State Jurisdictional Residue: What Remains to A State Court When Its Chapter III Functions Are Exhausted?

AACL Event

Paper presented by Professor Helen Irving (Sydney Law School):

Among the many issues facing the High Court in Momcilovic v The Queen [2011] HCA 34, was the constitutional validity of "declarations of inconsistent interpretation" made under section 36 of the Charter of Human Rights and Responsibilities Act 2006 (Vic) and exercised for the first time in 2010 by the Victorian Court of Appeal. Four members of the High Court found the declaration power valid. Of these, Chief Justice French notably found it valid for a State court, but invalid in the exercise of federal judicial power. The complication was that, when it made its "declaration", the Victorian Court was exercising federal jurisdiction, under section 75(iv) of the Constitution. How, then, were these positions reconciled? The Chief Justice identified what this paper calls "State jurisdictional residue". In his words, "There is no reason in principle why the Court of Appeal, having exhausted its functions in the exercise of its federal jurisdiction . . . could not proceed to exercise the distinct non-judicial power conferred upon it by the Charter. This paper considers what else, if anything, might lie in a State court's "jurisdictional residue", and its potential implication for the evolution of the Kable doctrine.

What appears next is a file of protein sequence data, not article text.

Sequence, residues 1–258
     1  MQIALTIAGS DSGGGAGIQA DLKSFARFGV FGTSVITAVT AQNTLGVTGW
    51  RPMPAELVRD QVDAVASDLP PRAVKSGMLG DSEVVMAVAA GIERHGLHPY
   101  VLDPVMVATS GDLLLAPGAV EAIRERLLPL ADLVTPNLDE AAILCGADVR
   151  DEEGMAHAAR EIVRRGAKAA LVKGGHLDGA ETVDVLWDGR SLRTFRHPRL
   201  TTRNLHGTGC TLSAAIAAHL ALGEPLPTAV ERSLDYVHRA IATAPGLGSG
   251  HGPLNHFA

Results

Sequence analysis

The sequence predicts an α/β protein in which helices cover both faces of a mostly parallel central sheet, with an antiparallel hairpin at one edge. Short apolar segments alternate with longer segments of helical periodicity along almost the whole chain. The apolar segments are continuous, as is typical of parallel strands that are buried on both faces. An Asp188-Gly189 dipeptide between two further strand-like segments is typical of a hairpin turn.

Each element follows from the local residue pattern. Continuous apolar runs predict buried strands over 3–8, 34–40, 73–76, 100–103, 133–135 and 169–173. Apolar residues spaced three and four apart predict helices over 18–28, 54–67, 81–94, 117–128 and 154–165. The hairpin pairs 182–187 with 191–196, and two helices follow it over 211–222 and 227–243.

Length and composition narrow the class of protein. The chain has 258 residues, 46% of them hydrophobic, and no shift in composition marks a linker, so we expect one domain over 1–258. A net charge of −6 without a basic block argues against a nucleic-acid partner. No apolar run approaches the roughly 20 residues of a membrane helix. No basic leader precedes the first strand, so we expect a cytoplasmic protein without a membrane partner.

Commentators:  The Hon Justice Steven Rares (Federal Court of Australia) and
Associate Professor James Stellios (Australian National University).

Chair:               The Hon Justice Christine Adamson (Supreme Court of New South Wales) 

Federal Court, Queens Square, Sydney, Court 18B, 5:30 pm

Download Helen Irving Paper